Of all the old school metal bands to remain on a hot streak in the new millennium, it’s Saxon. For the third consecutive album beginning with 2004’s Lionheart, Biff Byford and Paul Quinn keep the sails whipping through the Union Jack in a stoic effort from one of the acknowledged masters of the New Wave of British Heavy Metal.
Though some have been arguing that having only Byford and Quinn from the original lineup (though drummer Nigel Glockler has been hanging about the Saxon camp for many years) doesn’t constitute a proper Saxon, you can’t argue with the results of what is. Lionheart, The Inner Sanctum and now Into the Labyrinth have been consistently heavy, consistently on the dime and consistently entertaining as hell.
Into the Labyrinth may be the most enjoyable of them all because Saxon, as they did on the previous two efforts—in particular Lionheart—seems hell-bent to erase the memory of the band’s squelched late-eighties pop rock albums Rock the Nations and Destiny. Honestly, guys, you’re forgiven, already, sheesh! If you’re going to give us a soaring power blast out the gate with the gallant “Battalions of Steel,” some trad anthem rawk with “Live to Rock” and then a near-thrashy ode to the recently-popularized barber from hell, “Demon Sweeney Todd,” then consider Nations and Destiny water under the bridge…
What’s particularly inspiring about Into the Labyrinth is the obvious fun Saxon is having together. Does it have to be Denim and Leather, Wheels of Steel or Crusader? Let’s hope not, lest those albums lose the specialness of their time and forevermore. Let’s simply be thankful Into the Labyrinth takes itself seriously enough to honor Saxon and heavy metal’s past on the majestic “Valley of the Kings” and “Voice” while stepping into the newer timeframe on the more contemporary “Protect Yourselves.” For the honor of the old ways, Saxon steps up with the brisk-tempo “Hellcat” and then turns towards some Leadbelly-esque swamprat blues on an acoustic resurrection of “Coming Home,” which originally appeared in electric form on 2001’s Killing Ground.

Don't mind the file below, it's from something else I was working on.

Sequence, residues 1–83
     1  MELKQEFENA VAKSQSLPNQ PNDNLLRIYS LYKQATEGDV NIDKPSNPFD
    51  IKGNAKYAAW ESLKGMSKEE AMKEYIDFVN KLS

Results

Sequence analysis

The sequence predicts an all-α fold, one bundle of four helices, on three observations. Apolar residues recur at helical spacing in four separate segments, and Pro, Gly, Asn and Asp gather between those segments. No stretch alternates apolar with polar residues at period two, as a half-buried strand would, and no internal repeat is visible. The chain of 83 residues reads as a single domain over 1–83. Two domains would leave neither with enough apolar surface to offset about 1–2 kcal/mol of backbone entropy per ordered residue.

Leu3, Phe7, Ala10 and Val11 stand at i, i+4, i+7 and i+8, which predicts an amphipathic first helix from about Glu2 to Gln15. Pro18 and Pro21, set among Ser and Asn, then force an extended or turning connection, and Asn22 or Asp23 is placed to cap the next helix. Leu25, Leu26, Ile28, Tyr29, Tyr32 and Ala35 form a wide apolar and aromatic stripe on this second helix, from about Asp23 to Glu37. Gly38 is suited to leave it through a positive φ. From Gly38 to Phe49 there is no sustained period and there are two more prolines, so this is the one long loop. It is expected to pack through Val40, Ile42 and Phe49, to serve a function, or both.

Paul Quinn sounds as interested in his business as ever, while Doug Scarratt and Nibbs Carter provide ample assistance to Saxon’s densely-realized rhythm section. Would Saxon be as heavy as this without them? Maybe or maybe not, but you know what they say about having newer blood in the fold from time-to-time. As for Biff Byford, you just have to admire his testicular fortitude; 1983 or 2008, the man lights his mike on fire, period.
The result for a band reaching its 31st year as of Into the Labyrinth is a rock solid addition to the legacy of one of the entire metal world’s greatest units. Re-sew those vintage back patches to the faded denim and wrap those arthritic wrists in sparkling studs to show the fashionably trendy youth of today how to wear them properly. Up the Saxon and be proud of your damned selves…
Into the Labyrinth
Review by Ray Van Horn, Jr.